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Fig. 4.

Effects of RA on SIRT1

(A) mRNA levels of SIRT1 in C2C12 myotubes treated with RA for 24 h. Data are expressed relative to the control cells after normalization to 36B4. Values are mean ± SD (n = 3). *P < 0.05; **P < 0.01 vs. control. (B) Protein levels of SIRT1 in C2C12 myotubes treated with RA for 24 h. The band intensities were quantitated by densitometry and shown as a fold of increase compared to control (lower graph). Values are mean ± SD. Analytical details are described in the Materials and Methods.



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Fig. 5.

Effects of RA on PGC1α deacetylation

(A) Western blot analysis of PGC1α and acetyl-lysine proteins in C2C12 myotubes treated with RA and/or Ex-527 for 24 h. C2C12 myotubes were pre-treated with Ex-527, a SIRT1 inhibitor, for 30 min, and then treated with RA for 24 h. PGC1α immunoprecipitates were analyzed by Western blotting using antibodies against PGC1α and acetyl-lysine antibodies. Data shown are representative of multiple experiments. The band intensities were quantitated by densitometry and shown as a fold of increase compared to control (lower graph). (B) Effect of SIRT1 inhibitor on RA-induced fatty acid oxidation and glucose utilization. C2C12 myotubes were pre-treated with Ex-527, a SIRT1 inhibitor, for 30 min, and then treated with RA for 24 h. Analytical details are described in the Materials and Methods. Values are mean ± SD (n = 4). Data are representative of multiple experiments. *P < 0.05; **P < 0.01 vs. control. ##P < 0.01 vs. RA 50 µM.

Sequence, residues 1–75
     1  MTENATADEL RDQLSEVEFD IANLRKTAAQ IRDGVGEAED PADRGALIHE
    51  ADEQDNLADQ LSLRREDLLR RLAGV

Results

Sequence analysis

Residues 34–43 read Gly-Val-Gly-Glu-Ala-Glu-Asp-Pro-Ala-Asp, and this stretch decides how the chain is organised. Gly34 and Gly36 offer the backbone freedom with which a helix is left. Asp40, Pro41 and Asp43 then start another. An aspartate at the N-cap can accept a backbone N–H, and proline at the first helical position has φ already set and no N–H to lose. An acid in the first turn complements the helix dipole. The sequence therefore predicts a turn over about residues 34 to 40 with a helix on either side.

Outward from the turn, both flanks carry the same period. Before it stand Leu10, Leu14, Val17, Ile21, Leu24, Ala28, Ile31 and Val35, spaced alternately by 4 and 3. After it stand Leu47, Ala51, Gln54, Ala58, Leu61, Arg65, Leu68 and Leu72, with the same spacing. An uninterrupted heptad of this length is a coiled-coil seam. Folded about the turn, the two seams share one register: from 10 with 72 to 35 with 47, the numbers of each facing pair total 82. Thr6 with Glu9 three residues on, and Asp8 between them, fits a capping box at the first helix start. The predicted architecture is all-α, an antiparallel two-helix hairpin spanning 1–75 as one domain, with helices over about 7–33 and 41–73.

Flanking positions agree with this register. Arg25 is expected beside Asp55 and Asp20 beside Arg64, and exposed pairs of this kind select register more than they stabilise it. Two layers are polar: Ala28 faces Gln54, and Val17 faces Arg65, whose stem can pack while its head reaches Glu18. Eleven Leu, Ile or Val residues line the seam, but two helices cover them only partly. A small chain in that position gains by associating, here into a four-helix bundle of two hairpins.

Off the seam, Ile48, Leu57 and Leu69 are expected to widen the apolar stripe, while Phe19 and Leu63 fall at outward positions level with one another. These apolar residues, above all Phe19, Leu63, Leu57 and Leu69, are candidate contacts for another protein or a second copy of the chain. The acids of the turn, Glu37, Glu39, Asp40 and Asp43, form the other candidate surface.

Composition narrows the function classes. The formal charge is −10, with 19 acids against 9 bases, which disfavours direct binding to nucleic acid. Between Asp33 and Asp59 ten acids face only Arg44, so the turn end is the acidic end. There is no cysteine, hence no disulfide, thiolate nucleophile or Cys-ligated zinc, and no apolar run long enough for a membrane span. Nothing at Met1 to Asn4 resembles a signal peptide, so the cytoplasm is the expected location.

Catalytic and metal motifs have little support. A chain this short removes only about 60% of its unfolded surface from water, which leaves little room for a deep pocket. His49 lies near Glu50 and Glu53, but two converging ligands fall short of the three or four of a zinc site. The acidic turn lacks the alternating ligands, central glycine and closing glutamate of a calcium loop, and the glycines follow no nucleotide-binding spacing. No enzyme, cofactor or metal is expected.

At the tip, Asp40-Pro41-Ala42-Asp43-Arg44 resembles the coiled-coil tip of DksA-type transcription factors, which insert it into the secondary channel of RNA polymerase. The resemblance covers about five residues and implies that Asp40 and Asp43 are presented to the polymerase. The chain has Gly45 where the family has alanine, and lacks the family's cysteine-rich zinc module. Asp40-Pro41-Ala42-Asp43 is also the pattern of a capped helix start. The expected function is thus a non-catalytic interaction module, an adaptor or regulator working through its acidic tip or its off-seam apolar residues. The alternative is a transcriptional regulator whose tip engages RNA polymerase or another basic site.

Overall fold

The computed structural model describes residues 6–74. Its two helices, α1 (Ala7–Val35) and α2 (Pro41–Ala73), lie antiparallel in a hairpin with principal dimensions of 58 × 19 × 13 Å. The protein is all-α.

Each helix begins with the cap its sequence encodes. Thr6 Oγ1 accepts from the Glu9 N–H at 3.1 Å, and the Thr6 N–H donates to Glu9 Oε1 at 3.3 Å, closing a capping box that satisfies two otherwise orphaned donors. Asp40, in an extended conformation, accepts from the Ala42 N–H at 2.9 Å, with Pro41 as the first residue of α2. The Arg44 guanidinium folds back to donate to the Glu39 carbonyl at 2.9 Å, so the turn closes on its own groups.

Discussion